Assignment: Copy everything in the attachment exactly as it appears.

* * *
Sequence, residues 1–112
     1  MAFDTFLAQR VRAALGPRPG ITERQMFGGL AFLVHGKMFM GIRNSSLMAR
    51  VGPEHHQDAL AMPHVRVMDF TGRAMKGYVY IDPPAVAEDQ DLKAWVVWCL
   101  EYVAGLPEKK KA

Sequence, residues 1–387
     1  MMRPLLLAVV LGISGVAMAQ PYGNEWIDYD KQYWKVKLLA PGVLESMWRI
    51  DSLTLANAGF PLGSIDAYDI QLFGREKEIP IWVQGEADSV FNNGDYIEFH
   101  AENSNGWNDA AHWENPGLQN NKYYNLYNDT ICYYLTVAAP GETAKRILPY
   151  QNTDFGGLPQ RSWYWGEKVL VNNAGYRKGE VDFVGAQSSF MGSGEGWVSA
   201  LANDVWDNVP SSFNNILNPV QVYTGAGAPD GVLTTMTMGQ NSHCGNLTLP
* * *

Sequence, residues 1–112
     1  MAFDTFLAQR VRAALGPRPG ITERQMFGGL AFLVHGKMFM GIRNSSLMAR
    51  VGPEHHQDAL AMPHVRVMDF TGRAMKGYVY IDPPAVAEDQ DLKAWVVWCL
   101  EYVAGLPEKK KA

Sequence, residues 1–387
     1  MMRPLLLAVV LGISGVAMAQ PYGNEWIDYD KQYWKVKLLA PGVLESMWRI
    51  DSLTLANAGF PLGSIDAYDI QLFGREKEIP IWVQGEADSV FNNGDYIEFH
   101  AENSNGWNDA AHWENPGLQN NKYYNLYNDT ICYYLTVAAP GETAKRILPY
   151  QNTDFGGLPQ RSWYWGEKVL VNNAGYRKGE VDFVGAQSSF MGSGEGWVSA
   201  LANDVWDNVP SSFNNILNPV QVYTGAGAPD GVLTTMTMGQ NSHCGNLTLP